Honeybees Could Get a Boost from Open Source Printable Smart Beehives

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If you’ve been paying attention to the disturbing news about the current state of honeybees, which we rely on for pollinating a large percentage of our food crops, you know that colony collapse disorder has been wiping out beehives across the country and around the world.

Even more disturbing is the fact that we don’t know why it’s happening, or how to stop it from happening, and with beekeepers losing an average of 30% of their hives, it’s quite possibly one of the most pressing issues we currently face in the food and agriculture sector.

But a new initiative aims to help by releasing the designs for new “smart” beehives that can be printed (or more precisely, cut from wood with CNC machinery) and used by citizen scientist beekeepers to contribute to the search for the cause of colony collapse disorder.

The Open Source Beehives project has developed two ‘biodynamic’ beehives that are believed to provide a low-stress environment which can help honeybees thrive.

Each of these hives, the Colorado Top Bar and the Barcelona Warré, can be cut from a single 4’x8′ sheet of wood, and the parts flat-pack for shipping or storage, and then slot together “like an Ikea kit”. The hives are said to be some of “the most easily assembled and transportable beehives” available, and aim to make beekeeping more accessible, while prioritizing the health of honeybees.

These opensource beehives are also designed to be “smart”, by working in conjunction with a sensor board, which links to an online open database called the Smart Citizen platform. These sensors will track the geolocation, air quality, light intensity, humidity, temperature, honeybee population numbers, and “even the colony’s mood” for each beehive, and the resulting data will be available online, and can be accessed from a computer or smartphone in order to study the health of honeybees and the issues affecting them.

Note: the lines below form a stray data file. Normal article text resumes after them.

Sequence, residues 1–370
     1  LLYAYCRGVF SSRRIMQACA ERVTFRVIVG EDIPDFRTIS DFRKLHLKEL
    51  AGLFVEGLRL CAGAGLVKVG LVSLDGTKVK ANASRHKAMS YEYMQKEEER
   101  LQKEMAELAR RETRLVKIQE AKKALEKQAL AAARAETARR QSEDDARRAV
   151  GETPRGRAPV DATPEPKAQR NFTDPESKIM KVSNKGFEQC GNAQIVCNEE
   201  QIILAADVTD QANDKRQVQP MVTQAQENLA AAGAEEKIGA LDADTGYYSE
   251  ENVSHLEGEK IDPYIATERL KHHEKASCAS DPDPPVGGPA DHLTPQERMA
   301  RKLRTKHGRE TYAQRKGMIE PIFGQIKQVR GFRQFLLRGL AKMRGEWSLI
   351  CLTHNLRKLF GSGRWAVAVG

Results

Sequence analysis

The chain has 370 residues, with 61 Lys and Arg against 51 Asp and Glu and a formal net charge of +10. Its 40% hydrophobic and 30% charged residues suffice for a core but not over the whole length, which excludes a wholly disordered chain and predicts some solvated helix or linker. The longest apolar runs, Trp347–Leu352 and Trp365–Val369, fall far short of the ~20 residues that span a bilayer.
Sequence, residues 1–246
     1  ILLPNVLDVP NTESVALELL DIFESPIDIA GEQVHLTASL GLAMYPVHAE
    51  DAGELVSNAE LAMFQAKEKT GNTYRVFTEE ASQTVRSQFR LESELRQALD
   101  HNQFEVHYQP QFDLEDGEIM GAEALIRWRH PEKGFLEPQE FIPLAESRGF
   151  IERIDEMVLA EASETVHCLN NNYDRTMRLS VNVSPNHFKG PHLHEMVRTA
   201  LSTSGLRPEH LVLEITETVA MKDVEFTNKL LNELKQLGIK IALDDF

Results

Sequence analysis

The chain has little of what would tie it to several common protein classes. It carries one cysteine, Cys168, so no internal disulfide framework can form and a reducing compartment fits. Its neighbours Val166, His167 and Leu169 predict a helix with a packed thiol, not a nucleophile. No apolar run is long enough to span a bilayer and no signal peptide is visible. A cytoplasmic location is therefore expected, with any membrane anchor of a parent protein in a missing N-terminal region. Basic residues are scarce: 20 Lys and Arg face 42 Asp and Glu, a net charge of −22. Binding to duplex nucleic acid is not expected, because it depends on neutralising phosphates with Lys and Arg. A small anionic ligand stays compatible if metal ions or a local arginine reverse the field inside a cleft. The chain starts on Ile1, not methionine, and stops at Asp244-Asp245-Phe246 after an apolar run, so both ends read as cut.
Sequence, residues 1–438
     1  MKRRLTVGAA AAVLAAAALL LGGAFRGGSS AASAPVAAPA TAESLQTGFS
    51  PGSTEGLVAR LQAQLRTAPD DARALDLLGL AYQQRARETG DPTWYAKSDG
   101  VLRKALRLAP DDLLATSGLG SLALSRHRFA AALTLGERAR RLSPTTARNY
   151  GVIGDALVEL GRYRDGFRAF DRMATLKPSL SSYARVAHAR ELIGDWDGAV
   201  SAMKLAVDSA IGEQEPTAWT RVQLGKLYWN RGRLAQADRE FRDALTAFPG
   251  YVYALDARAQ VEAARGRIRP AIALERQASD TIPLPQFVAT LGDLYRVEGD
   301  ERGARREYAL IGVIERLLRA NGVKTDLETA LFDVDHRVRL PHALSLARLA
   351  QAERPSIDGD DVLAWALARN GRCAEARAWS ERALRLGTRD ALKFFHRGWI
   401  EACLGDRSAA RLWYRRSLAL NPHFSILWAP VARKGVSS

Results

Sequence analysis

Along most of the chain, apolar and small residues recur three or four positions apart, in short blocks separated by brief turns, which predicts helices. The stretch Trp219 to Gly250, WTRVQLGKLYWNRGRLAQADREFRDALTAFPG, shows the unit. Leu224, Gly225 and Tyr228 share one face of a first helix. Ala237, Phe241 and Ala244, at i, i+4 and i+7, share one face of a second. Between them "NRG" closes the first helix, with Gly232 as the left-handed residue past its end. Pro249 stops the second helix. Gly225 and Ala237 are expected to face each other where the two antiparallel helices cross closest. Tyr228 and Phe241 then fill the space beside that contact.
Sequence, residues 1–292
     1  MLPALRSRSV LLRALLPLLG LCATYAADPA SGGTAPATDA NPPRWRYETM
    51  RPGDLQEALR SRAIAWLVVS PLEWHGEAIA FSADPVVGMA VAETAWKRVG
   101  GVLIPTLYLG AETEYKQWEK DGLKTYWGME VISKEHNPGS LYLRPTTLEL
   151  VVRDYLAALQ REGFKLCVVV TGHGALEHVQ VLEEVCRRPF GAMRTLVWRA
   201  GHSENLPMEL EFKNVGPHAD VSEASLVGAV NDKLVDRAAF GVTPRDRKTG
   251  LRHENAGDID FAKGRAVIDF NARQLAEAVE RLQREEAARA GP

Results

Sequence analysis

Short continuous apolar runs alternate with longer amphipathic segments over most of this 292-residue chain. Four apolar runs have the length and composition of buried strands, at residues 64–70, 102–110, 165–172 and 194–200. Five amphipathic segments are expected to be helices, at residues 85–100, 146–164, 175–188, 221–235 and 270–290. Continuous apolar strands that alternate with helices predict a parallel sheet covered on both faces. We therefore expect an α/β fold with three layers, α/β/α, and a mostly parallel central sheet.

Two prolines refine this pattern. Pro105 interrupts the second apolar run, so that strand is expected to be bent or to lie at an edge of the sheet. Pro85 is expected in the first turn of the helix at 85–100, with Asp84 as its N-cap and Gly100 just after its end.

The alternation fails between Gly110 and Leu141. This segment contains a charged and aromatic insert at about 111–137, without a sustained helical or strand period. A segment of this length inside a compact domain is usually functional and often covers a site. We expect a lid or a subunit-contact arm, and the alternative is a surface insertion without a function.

“The Open Source Beehives project is a collaborative response to the threat faced by bee populations in industrialised nations around the world. The project proposes to design hives that can support bee colonies in a sustainable way, to monitor and track the health and behaviour of a colony as it develops. Each hive contains an open source sensory kit, The Smart Citizen Kit (SCK), which can transmit to an open data platform: Smartcitizen.me

These sensor enhanced hive designs are open and freely available online, the data collected from each hive is published together with geolocations allowing for a further comparison and analysis of the hives.” – Open Source Beehives

To get these opensource smart beehives into the hands of more citizen scientists and beekeepers, a crowdfunding campaign has been launched on Indiegogo, where the initiative aims to raise $20,000 from backers. Those who pledge at least $15 to the campaign will receive the design files and manual for building their own smart hive, and those who chip in at least $300 will receive a pre-cut kit, ready to assemble at home.


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